#PeopleNotPolls: Labour & Tories sugarcoating future austerity, says govt adviser
Speaking to the Independent on Monday, Chair of the Commission on Social Mobility and Child Poverty Alan Milburn warned all parties have a “responsibility” to be honest with prospective voters about the likely societal impact of their proposed cuts.
“If you have been through a period of economic turbulence and the books are still not balanced, the challenge for all the political parties is to prove they have both the competence and the plans to deliver. Detail here may not be the politicians’ friend, but it is the voters’ friend,” he said.
Milburn argued leading politicians in Britain are risking an “inter-generational war” by preserving perks for gilded pensioners while weakening state support for young working adults.
He said both Labour and the Conservatives remain entrenched in their “comfort zones” and are currently appealing to their core voters with tired and predictable policy proposals relating to the economy and the National Health Service (NHS).
His sharp criticism coincides with the Institute for Fiscal Studies’ (IFS) call for both parties to be more transparent about their tax and spending plans post May 7.
The think tank also dismissed Prime Minister David Cameron’s suggestion that a Labour government would increase taxes by over £3,000 (US$4,440) for the average working household over the next five years.
Speaking to the Independent, Milburn suggested the Conservative Party must come clean on the details of its proposed £12 billion in welfare cuts.
A series of options compiled by the Department for Work and Pensions, leaked to the BBC last week, include a regional benefits cap and the taxing of disability benefits.
Nevertheless, ministers argue that firm decisions are yet to be made.
Milburn, a Blairite and Labour ex-Health Secretary, stressed with an economic recovery underway the most important question for Britain is “what is the shape of the recovery, and what social benefit accrues from it?”
He said the election is currently polarizing into a dual-pronged debate regarding the economy and the NHS.
Millburn said he would like to know exactly where each party is placing its bets. He stressed at present parties’ spending and tax plans remain shrouded in secrecy.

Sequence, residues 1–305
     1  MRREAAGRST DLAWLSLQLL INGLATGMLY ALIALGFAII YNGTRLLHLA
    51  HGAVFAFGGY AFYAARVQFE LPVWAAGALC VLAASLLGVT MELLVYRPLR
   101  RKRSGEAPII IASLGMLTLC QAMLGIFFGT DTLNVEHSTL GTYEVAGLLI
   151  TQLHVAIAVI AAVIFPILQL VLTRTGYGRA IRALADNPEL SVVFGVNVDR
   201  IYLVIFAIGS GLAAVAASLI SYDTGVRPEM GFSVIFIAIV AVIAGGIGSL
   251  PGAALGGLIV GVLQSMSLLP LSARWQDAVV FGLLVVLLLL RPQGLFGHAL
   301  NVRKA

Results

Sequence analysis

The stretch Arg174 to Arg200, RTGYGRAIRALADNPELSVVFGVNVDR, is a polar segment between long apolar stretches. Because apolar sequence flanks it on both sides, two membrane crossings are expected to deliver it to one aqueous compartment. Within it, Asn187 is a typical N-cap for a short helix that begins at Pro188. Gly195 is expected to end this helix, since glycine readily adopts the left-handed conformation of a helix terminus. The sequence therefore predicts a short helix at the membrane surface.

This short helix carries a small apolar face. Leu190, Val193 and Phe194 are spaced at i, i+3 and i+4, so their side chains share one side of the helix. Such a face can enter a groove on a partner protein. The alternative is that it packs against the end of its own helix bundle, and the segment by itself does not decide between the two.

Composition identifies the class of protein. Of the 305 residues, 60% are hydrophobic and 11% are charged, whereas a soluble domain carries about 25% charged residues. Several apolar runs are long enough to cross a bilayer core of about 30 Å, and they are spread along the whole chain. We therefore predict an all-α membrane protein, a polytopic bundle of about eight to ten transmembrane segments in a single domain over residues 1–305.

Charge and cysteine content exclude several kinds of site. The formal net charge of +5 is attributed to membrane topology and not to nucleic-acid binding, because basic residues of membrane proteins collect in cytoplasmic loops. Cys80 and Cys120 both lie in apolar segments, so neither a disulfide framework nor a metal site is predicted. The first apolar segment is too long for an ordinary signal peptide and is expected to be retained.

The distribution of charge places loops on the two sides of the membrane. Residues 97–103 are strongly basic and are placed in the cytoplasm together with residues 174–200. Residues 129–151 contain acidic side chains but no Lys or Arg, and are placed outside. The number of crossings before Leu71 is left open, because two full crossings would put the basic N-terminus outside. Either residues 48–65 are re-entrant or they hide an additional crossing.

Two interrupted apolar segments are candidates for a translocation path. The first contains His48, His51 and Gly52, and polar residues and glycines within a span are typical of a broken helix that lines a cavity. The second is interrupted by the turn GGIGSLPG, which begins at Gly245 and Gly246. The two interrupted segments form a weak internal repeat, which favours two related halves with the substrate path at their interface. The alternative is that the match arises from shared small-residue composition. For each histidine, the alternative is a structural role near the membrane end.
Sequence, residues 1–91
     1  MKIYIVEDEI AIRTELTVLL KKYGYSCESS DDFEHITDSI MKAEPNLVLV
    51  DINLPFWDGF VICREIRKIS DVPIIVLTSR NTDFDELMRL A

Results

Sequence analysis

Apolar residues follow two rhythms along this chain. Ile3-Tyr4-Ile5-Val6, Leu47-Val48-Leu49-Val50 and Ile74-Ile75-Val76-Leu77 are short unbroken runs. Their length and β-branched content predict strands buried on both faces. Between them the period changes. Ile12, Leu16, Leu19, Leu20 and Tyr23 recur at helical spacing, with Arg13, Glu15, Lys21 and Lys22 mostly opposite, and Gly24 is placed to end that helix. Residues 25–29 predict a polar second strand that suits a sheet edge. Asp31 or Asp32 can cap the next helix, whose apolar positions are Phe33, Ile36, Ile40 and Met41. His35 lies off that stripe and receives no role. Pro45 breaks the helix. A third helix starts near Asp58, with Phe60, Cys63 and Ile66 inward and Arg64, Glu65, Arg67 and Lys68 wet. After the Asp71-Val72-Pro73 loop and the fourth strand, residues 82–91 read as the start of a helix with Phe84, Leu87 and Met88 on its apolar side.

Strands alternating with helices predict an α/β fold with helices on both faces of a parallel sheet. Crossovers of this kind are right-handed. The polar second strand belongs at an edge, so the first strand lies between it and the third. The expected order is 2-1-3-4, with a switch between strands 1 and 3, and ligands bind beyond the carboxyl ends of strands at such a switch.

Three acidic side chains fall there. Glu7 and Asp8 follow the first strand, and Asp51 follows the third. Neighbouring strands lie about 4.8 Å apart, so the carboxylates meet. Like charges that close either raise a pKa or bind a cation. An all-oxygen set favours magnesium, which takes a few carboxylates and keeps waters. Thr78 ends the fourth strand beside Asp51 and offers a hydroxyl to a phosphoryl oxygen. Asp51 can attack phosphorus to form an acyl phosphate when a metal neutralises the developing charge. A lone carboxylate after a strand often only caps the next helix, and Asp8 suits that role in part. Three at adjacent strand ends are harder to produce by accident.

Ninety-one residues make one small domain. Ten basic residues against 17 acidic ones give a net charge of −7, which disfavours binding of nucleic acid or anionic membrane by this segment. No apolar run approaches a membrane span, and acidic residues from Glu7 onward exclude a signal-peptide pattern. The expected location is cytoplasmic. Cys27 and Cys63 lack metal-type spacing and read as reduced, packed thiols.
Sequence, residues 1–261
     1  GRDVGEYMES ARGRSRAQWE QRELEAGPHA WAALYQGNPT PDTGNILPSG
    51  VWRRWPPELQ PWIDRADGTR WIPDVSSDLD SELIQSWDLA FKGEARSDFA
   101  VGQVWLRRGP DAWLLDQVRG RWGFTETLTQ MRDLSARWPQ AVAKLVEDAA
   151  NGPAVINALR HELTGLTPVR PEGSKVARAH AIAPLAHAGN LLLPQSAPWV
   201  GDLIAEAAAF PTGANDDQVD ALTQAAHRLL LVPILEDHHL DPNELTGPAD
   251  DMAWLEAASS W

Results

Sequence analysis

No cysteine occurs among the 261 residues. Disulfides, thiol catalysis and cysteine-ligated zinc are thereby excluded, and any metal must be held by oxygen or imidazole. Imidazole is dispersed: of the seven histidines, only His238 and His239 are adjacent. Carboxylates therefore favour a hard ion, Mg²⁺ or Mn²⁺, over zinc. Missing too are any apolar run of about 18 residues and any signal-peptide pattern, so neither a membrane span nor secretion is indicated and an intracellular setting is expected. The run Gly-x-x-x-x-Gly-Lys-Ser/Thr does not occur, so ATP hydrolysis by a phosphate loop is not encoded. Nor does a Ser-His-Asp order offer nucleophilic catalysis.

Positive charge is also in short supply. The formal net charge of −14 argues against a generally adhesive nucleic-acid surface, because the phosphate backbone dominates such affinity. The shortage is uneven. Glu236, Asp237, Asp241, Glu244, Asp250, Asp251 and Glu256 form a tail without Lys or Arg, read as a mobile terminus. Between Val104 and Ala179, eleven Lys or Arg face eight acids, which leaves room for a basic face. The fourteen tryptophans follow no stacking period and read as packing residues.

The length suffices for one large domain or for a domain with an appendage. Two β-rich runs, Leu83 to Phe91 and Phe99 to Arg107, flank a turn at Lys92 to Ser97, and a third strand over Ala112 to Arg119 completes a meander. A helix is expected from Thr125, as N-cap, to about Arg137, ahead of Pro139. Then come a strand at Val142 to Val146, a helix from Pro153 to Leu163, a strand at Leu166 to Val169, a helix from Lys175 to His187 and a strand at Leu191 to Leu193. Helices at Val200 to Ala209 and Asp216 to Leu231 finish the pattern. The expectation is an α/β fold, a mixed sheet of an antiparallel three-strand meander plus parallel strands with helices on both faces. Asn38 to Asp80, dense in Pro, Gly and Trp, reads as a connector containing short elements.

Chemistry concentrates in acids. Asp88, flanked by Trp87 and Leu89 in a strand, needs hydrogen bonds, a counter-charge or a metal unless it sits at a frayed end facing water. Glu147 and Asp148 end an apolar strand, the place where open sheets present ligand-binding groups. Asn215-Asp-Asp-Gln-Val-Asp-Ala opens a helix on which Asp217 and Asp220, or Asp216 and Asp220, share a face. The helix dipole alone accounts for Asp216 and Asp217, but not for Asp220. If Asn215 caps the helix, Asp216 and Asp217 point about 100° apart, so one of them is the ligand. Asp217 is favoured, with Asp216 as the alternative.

The IFS was also critical of both parties’ fiscal plans, warning the British public are largely in the dark about what precise economic path Chancellor George Osborne and Labour Shadow Chancellor Ed Balls would take following the election.
The think tank said there is “real uncertainty” regarding Labour’s economic policy proposals, while the Conservatives have been somewhat clearer in outlining what they hope to achieve.
The IFS also hit out at Cameron for his £3,028 Labour “tax bombshell” claim.
“There is little value in bandying around numbers which suggest that either party would increase taxes by an average of £3,000 for each working household,” it said.
The IFS’ criticism was echoed by Chris Leslie, Shadow Chief Treasury Secretary, who said, “This is a disastrous and embarrassing start to David Cameron's campaign. Within hours of making totally false claims about Labour on the steps of Downing Street, the independent IFS has totally undermined them.”
A Conservative source retorted that “The IFS didn’t say our figure was wrong.”
During his interview with the Independent, Milburn said political parties in Britain are guilty of “political expediency.” He argued retaining free TV licenses and bus passes for well-off pensioners might score political points, but it would also further impact on British society.
The Milburn added Britain now has a more serious problem with low paid work than unemployment.
He went on to draw comparison between cushioned wealthy pensioners and 25 year olds enduring “a 50 percent fall in the home ownership rate.”
He predicted that Conservative proposals to freeze benefits for those of working age would impact heavily upon low-paid workers and reduce people’s incentive to work.
Milburn dismissed Labour leader Ed Miliband’s claim that Britain has shifted somewhat to the left, claiming the state’s political landscape is not dissimilar to that which existed when ex-Labour PM Tony Blair won a landslide victory in the 1997 general election.
“Elections are won in the center,” he said.
“The odd and striking thing is that there seems to be a gap in the market in the middle.”
The first poll to be published in the wake of the general election campaign kickoff revealed the Tories hold a marginal two-point lead over the Labour Party. However, it suggested Miliband is closing in on Cameron.
Conservative peer Lord Ashcroft’s most recent survey indicated the Tories had 36 percent of the vote, while Labour stood at 34 percent.
The Liberal Democrats shed two points standing at 6 percent, while UKIP suffered a similar fall to ten percent. The Green Party moved ahead of the Liberal Democrats, up two points to 7 percent. Meanwhile, Scotland’s SNP lagged behind at 4 percent.
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